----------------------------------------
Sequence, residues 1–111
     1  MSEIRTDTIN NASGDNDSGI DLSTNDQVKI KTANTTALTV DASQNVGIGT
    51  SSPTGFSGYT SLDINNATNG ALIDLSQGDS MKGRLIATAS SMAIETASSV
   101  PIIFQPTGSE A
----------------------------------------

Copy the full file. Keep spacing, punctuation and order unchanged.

Sequence, residues 1–111
     1  MSEIRTDTIN NASGDNDSGI DLSTNDQVKI KTANTTALTV DASQNVGIGT
    51  SSPTGFSGYT SLDINNATNG ALIDLSQGDS MKGRLIATAS SMAIETASSV
   101  PIIFQPTGSE A